L’école fula flute is a Guinean music school founded by musician and MFM member Sylvain Leroux in 2014. When him inventing the chromatic tambinby adding three more finger holes to the existing three-hole tambin (or Fula flute) making this new flute capable of playing classical, jazz, or any style of music beyond the beautiful but limited traditional Phrygian scale. This gave him the idea that his new flute could be used to teach the fundamentals of music theory to children in Guinea.
“We have this little school in Guinea, L’école fula flute, that I got involved with and something beyond me happened, the kids profoundly responded to the flute, like if we plugged into a high-tension socket! Then, you donated and made it all possible.
On Tuesday, January 21st, 2018, the music world was saddened to hear that legendary trumpet player, composer, and music activist Hugh Masekelapassed away from pancreatic cancer. Thus ended a career of over half a century. He was 79.
Masekela began playing trumpet in his teens (an apocrypha of his biography holds that his first trumpet was a gift from Louis Armstrong. Another version of the story holds that the instrument was donated by Armstrong to anti-apartheid chaplain Archbishop Trevor Huddleston, at St. Peter’s Secondary School). At the end of 1959, Dollar Brand (later known as Abdullah Ibrahim), Kippie Moeketsi, Makaya Ntshoko, Johnny Gertze and Hugh formed the Jazz Epistles, the first African jazz group to record an LP. Their 1959-60 concerts in Johannesburg and Cape Town were hugely successful.
March 21st, 1960 the Sharpeville massacre saw 69 protesters killed by police, the South African government banned gatherings of ten or more people, and the brutality of the Apartheid state became intolerable (apparently, the Apartheid government couldn’t understand why human beings refuse to be oppressed and enslaved). With the help of Trevor Huddleston, Yehudi Menuhin, and John Dankworth, Masekela left the country. Dankworth got Masakela admitted into London’s Guildhall School of Music.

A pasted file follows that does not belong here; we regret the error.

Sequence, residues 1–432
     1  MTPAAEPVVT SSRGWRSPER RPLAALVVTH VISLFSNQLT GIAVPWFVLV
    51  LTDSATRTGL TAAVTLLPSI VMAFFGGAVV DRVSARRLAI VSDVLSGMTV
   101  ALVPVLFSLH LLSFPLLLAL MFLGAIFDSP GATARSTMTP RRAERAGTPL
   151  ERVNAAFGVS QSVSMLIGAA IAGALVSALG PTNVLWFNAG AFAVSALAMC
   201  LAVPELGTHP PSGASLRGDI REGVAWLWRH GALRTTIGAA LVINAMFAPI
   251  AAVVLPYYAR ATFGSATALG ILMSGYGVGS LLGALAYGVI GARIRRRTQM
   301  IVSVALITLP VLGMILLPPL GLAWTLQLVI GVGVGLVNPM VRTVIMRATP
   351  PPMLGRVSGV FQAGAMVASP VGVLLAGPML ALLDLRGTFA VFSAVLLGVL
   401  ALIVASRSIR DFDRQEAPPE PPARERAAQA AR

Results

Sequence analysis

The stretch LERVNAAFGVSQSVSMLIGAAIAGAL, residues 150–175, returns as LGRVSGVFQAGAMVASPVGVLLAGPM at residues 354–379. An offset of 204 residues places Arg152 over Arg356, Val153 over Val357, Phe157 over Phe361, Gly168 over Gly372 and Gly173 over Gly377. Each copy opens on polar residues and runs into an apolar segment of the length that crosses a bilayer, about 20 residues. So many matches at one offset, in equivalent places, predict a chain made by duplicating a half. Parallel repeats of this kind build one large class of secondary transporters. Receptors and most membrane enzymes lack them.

November is when is we at l’École Fula Flute reach out for your help to continue our music education work in Guinea. In the next few weeks we will be sending many communications about what we do, where we come from, and where we want to go.
Thanks to your help, last year we could leave the streets and bring our activities to an ideal place with a large enclosed courtyard. Now it is humming with activity from morning to night, and six days-a-week classes in French, arithmetic, social sciences, theatre and music are happening there. Our dedicated students often perform plays and concerts for the community and official events (such as the Presidential inauguration). Also, beyond the benefits of the education that our students receive, we contribute jobs for artists, educators, administrators and support personnel, we purchase goods and services, and are anchoring a respectable institution, beneficial to the community.
During this month we will also be presenting our achievements at two fundraising events: Continue reading →